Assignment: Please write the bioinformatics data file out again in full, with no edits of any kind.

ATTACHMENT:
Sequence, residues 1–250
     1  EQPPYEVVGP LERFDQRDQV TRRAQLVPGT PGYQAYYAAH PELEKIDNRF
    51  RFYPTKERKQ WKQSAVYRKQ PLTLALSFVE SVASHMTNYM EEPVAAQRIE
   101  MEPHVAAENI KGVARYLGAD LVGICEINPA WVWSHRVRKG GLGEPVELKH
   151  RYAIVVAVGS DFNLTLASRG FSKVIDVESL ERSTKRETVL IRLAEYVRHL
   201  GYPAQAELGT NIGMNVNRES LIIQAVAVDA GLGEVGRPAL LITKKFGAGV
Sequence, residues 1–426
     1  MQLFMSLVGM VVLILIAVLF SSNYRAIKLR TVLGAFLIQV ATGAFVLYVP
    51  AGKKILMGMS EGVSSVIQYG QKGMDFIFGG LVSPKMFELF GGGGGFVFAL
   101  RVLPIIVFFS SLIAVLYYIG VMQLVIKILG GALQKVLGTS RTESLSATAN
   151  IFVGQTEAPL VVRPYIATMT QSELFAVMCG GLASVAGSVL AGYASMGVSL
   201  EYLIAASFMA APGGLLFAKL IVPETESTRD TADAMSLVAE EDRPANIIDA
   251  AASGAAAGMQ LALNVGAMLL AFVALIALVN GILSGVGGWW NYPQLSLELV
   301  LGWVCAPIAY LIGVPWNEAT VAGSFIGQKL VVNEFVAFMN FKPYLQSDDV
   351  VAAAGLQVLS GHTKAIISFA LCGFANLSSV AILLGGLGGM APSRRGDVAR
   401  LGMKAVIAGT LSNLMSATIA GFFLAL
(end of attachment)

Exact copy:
Sequence, residues 1–250
     1  EQPPYEVVGP LERFDQRDQV TRRAQLVPGT PGYQAYYAAH PELEKIDNRF
    51  RFYPTKERKQ WKQSAVYRKQ PLTLALSFVE SVASHMTNYM EEPVAAQRIE
   101  MEPHVAAENI KGVARYLGAD LVGICEINPA WVWSHRVRKG GLGEPVELKH
   151  RYAIVVAVGS DFNLTLASRG FSKVIDVESL ERSTKRETVL IRLAEYVRHL
   201  GYPAQAELGT NIGMNVNRES LIIQAVAVDA GLGEVGRPAL LITKKFGAGV
Sequence, residues 1–426
     1  MQLFMSLVGM VVLILIAVLF SSNYRAIKLR TVLGAFLIQV ATGAFVLYVP
    51  AGKKILMGMS EGVSSVIQYG QKGMDFIFGG LVSPKMFELF GGGGGFVFAL
   101  RVLPIIVFFS SLIAVLYYIG VMQLVIKILG GALQKVLGTS RTESLSATAN
   151  IFVGQTEAPL VVRPYIATMT QSELFAVMCG GLASVAGSVL AGYASMGVSL
   201  EYLIAASFMA APGGLLFAKL IVPETESTRD TADAMSLVAE EDRPANIIDA
   251  AASGAAAGMQ LALNVGAMLL AFVALIALVN GILSGVGGWW NYPQLSLELV
   301  LGWVCAPIAY LIGVPWNEAT VAGSFIGQKL VVNEFVAFMN FKPYLQSDDV
   351  VAAAGLQVLS GHTKAIISFA LCGFANLSSV AILLGGLGGM APSRRGDVAR
   401  LGMKAVIAGT LSNLMSATIA GFFLAL